Friday, February 22, 2008

Another Italian White: Soave

I finally got to try another Italian white wine: Soave. I bought a bottle of this last year, but traded it before I drank it for a Hungarian wine at a wine tasting. I've read several things about Soave that made me think this was going to be a hit or miss wine (it's developed a reputaion for being a mass produced table wine.) Reading through "Vino Italiano" gave me the impetus to get another bottle.

Soave is made in the Veneto region of North-Eastern Italy. (Click the map for a link to a much more detailed description of the Veneto. Map used by permission from Loris Scaglarini of WineCountry.IT. Thanks!) The famous city of Venice is located in the region, too, but the Soave zone is on the opposite side located close to Verona. This is a narrow band of hills that once were volcanos. The soil is mineral rich, but basically poor well drained soil that causes grape vine roots to have to tunnel deep to find nutrients.

Despite the great potiential for producing grapes full of flavor and balance, this region has the reputation for growing bland, mass produced wines. This is a result of growers maximizing harvests for production. The makers of the Soave I tried used to contribute their grapes to the bunches that went into the regions wines. The brothers who own Tamellini vineyards decided to produce a better wine from their own grapes. They hired a renown Italian wine maker and by 1998 started producing their own Soave. From reviews I read after I tried the wine, theirs is one of the better Soaves.

Soave's main grape is the Garganega grape (picture courtesy Hillary Stecbauer via Wikipedia.) When given the proper treatment Garganega can produce light wines with hints of wild flowers, lemon curd and nuts. Often the ratio in Soave is 70% Gargenega and 30% Trebbiano (aka, Ugni Blanc.) The Tamellini's wanted to make a Soave that showed off the Gargenega grape, so theirs is 100% Gargenega.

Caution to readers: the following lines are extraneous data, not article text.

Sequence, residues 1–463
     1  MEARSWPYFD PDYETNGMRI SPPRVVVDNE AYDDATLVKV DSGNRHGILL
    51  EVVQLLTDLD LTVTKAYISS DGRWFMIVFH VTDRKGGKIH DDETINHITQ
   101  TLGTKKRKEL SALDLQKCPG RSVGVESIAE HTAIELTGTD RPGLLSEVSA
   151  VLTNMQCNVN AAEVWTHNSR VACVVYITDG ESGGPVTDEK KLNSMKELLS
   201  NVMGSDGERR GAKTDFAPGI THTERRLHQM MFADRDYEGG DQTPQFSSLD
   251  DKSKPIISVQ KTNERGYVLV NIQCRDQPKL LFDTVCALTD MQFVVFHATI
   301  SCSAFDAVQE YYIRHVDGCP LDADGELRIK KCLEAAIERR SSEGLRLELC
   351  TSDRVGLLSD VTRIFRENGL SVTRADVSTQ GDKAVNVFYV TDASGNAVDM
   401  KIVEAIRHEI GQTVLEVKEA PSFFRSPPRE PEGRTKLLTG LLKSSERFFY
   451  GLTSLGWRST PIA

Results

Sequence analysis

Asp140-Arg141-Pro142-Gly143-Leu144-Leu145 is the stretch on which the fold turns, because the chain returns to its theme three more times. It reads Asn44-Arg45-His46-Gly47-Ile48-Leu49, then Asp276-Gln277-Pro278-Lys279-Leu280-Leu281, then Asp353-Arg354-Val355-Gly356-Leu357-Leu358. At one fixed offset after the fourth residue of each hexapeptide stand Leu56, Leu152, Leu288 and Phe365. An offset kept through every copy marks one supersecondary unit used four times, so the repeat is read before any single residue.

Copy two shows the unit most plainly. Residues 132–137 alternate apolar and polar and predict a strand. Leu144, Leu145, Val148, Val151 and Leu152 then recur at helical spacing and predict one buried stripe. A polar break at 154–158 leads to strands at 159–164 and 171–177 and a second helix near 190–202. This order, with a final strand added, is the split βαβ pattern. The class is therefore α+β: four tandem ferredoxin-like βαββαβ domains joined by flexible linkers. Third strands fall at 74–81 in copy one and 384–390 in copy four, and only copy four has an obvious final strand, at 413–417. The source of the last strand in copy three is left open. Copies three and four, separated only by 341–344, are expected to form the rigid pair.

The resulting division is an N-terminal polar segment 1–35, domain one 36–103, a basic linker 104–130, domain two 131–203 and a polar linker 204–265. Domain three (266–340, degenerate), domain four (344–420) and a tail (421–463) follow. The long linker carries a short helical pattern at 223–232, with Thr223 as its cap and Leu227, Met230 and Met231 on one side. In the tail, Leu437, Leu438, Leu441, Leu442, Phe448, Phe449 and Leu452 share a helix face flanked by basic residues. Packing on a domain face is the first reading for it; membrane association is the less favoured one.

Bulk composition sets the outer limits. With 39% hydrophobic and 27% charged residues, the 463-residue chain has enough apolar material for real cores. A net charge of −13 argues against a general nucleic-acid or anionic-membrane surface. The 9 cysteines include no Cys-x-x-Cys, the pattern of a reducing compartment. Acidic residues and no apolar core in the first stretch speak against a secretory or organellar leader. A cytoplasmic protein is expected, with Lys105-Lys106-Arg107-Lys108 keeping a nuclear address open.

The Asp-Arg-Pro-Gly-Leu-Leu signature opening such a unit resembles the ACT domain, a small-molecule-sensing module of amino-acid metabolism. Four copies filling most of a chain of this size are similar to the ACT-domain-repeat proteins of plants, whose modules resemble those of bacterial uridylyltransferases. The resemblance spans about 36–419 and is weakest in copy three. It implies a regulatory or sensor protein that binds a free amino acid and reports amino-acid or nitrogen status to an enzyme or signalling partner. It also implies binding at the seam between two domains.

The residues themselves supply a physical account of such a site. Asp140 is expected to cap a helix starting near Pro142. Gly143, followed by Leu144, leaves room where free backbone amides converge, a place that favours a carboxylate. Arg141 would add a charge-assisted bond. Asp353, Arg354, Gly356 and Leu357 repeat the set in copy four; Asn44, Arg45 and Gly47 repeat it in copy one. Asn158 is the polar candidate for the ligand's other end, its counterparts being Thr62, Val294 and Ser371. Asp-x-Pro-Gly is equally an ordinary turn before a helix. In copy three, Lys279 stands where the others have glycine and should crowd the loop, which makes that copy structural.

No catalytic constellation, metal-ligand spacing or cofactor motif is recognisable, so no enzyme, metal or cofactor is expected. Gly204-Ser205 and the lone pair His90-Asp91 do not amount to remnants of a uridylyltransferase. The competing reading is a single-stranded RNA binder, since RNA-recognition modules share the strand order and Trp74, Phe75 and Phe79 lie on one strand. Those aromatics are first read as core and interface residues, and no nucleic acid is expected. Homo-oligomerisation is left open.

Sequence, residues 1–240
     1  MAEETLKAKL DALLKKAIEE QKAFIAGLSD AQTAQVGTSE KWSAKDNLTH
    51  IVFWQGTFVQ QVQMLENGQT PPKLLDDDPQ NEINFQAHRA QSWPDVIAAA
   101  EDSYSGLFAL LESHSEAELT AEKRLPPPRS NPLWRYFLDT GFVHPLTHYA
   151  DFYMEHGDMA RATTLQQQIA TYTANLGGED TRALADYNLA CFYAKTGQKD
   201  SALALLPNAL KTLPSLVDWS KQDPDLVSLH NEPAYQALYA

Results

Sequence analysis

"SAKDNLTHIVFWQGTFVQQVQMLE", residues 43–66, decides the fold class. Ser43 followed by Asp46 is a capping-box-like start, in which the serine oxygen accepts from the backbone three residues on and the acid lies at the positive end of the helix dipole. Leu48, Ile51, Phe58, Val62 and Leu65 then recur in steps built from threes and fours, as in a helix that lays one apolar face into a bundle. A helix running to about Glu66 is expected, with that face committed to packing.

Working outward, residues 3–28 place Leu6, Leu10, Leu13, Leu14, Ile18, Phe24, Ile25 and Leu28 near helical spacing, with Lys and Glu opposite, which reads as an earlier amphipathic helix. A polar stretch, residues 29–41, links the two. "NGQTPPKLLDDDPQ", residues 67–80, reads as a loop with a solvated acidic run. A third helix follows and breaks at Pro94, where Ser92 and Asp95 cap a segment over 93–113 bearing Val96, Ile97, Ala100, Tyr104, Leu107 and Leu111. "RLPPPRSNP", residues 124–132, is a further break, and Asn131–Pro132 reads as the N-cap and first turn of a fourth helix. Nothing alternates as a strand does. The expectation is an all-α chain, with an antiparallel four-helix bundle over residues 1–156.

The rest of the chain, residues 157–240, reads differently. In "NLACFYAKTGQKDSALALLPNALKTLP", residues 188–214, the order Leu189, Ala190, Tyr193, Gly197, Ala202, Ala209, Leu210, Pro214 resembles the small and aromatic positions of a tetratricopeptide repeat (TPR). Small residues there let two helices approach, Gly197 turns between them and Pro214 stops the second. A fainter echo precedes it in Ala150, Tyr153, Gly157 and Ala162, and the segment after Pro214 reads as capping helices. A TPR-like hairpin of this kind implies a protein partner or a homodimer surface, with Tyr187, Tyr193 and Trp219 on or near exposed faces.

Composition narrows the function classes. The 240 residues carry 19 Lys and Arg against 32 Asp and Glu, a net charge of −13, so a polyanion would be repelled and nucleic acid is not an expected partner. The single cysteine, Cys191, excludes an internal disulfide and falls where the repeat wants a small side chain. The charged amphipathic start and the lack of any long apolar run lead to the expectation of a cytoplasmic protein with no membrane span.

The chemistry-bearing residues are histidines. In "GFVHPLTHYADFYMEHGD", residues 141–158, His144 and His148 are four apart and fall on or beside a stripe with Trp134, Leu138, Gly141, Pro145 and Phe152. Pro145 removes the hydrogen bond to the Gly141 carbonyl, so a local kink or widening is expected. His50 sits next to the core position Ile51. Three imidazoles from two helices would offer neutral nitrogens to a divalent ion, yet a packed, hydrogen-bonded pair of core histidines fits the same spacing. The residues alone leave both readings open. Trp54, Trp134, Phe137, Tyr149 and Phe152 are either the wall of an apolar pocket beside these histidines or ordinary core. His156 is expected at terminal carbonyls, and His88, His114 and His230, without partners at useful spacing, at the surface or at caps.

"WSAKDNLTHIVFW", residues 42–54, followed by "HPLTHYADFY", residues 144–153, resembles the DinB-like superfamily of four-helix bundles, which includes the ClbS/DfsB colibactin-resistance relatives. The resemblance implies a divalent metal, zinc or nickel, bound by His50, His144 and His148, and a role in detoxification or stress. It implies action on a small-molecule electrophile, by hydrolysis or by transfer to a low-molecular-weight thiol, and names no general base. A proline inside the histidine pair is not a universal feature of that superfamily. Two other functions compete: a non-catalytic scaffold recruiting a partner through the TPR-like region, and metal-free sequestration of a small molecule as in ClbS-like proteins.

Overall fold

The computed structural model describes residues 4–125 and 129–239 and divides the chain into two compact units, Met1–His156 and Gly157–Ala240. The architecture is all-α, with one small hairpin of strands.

I have had no other Soaves to compare with, but the brothers did a great job. I couldn't detect any specific aromas, just the smell of a Chardonnay or even a beer! The flavors were more like a Chardonnay mixed with a Viognier, but I couldn't detect individual fruit flavors. There is a definite hop flavor, which is probably why I thought this wine smelled like a beer. This discription doesn't do the wine justice, because the flavor is nice: distinct from a Chardonnay, not like a beer at all. Maybe it's the minerality that makes it stand out from a Chardonnay. There was no oak (the tech sheet from the winery states that the wine is "100% stainless steel fermented and aged.) I'm not sure what food this wine would go with, but it's interesting that the tech sheet says it is the best wine to have with asparagus. Come to think of it, this wine would go great with a lot of Chiniese food dishes, especially asparagus beef.

Like I said earlier, this is my first Soave. I'm glad I got to try one that was 100% Gargenega and such a pleasant wine. It reminds me a lot of the Gavi wines I had several weeks ago. Next time we have Chinese food take out at my house, I'm going to try this wine. Let me know if you've had any Soave and what foods you like to drink it with. (Gargenega makes grape #47 in quest to join the Century Club!)

Tasting Notes:

Color: Golden yellow

Aroma: Chardonnay, beer

Taste: Chardonnay / Viognier cross, hops, a suggestion of nuts. Medium mouthfeel.

Finish: Slight tannins with almond like flavors and bitterness, but in a good way.

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